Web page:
15.00 - External Security Clause - Teradata Database

Teradata Database SQL Data Definition Language Detailed Topics

Teradata Database
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Programming Reference
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English (United States)

External Security Clause

This clause is mandatory for all functions that perform operating system I/O. Failing to specify this clause for a function that performs I/O can produce unpredictable results and even cause the database, if not the entire system, to reset.

Note that authorization_name is an optional Teradata extension to the ANSI SQL:2011 standard.

  • The external security authorization associated with the function must be contained within the same database as the function (see “CREATE AUTHORIZATION/ REPLACE AUTHORIZATION” on page 206).
  • When a function definition specifies EXTERNAL SECURITY DEFINER, then that function executes under the OS user associated with the specified external authorization using the context of that user.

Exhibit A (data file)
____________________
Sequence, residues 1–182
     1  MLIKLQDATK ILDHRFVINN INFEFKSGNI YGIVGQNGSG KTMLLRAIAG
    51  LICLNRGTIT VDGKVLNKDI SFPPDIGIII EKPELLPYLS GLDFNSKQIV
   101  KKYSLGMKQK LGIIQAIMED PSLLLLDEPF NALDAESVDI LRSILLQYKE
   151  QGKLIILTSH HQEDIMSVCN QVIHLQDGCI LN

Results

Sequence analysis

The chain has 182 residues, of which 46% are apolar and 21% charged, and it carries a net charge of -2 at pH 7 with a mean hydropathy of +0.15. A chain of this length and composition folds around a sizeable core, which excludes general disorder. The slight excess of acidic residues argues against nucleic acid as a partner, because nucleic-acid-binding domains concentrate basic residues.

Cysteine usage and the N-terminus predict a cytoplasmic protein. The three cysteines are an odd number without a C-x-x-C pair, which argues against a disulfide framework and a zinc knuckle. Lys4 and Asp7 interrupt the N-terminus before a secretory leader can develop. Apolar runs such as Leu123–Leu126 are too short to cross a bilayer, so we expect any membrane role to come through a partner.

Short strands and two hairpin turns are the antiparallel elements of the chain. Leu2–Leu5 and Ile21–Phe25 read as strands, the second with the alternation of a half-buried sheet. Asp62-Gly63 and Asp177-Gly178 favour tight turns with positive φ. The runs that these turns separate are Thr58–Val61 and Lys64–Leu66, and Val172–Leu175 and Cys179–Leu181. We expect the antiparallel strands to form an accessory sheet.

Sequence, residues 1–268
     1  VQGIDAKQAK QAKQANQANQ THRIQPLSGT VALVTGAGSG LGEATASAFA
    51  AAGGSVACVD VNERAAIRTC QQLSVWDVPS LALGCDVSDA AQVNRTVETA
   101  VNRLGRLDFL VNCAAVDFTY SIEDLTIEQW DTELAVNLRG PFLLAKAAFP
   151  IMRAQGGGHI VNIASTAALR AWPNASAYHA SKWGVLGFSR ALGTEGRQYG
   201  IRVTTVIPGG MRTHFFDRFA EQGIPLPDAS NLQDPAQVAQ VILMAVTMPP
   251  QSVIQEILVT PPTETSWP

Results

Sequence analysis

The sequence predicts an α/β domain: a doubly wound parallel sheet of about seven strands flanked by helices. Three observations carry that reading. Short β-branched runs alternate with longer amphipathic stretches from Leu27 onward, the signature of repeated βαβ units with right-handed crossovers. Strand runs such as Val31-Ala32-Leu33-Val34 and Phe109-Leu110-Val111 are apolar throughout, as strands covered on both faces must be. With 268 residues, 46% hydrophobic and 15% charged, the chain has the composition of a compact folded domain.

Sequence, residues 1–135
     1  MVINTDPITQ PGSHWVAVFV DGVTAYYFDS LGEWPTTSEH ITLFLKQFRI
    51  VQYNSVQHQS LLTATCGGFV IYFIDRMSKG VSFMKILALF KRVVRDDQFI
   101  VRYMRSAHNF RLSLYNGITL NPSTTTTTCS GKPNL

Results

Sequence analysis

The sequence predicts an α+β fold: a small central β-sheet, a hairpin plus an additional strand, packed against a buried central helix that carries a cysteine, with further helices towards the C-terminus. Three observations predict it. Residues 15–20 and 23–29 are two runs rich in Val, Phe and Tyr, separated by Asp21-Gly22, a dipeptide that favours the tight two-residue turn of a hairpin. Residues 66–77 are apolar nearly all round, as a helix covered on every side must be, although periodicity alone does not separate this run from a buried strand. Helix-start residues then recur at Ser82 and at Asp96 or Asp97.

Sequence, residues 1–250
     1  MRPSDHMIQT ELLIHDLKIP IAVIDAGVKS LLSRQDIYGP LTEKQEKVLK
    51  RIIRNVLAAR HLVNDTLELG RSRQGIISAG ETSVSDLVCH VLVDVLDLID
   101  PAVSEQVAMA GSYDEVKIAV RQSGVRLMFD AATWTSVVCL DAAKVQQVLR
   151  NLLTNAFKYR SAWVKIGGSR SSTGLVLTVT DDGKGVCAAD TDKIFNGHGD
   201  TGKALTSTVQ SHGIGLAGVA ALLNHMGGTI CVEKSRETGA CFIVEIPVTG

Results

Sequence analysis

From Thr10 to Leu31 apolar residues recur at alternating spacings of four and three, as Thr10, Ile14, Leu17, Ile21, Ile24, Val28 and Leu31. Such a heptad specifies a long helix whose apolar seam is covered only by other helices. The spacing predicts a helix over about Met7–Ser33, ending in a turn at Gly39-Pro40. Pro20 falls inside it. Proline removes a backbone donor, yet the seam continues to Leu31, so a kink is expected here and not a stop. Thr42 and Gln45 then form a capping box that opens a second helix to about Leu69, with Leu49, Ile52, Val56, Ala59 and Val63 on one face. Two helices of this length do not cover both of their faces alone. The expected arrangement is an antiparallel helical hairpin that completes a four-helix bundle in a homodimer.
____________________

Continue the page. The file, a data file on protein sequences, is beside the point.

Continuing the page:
IF the UDF runs in this mode …

    THEN the OS user must be …


    tdatuser, which must be a member of the tdatudf OS group.


    an OS user assigned to an authorization name using the CREATE AUTHORIZATION statement (see “CREATE AUTHORIZATION/ REPLACE AUTHORIZATION” on page 206).

    The specified OS user must belong to the tdatudf OS group.

    Contact your Teradata technical support representative if you need to change this for any reason.

    The following rules apply:

  • If you do not specify an authorization name, then you must create a default DEFINER authorization name before a user attempts to execute the function (see “CREATE AUTHORIZATION/ REPLACE AUTHORIZATION” on page 206).
  • If you have specified an authorization name, then an authorization object with that name must be created before you can execute the function (see “CREATE AUTHORIZATION/ REPLACE AUTHORIZATION” on page 206).
  • The system returns a warning message to the requestor when no authorization name exists at the time the UDF is being created.

    Related Topics

    See the following books for more information about coding and using external functions.

  • SQL Data Definition Language Syntax and Examples
  • SQL Functions, Operators, Expressions, and Predicates
  • SQL External Routine Programming
  • SQL Data Types and Literals
  • SQL Data Manipulation Language
  • See Security Administration for detailed information about row‑level security and how it is enforced using scalar UDFs.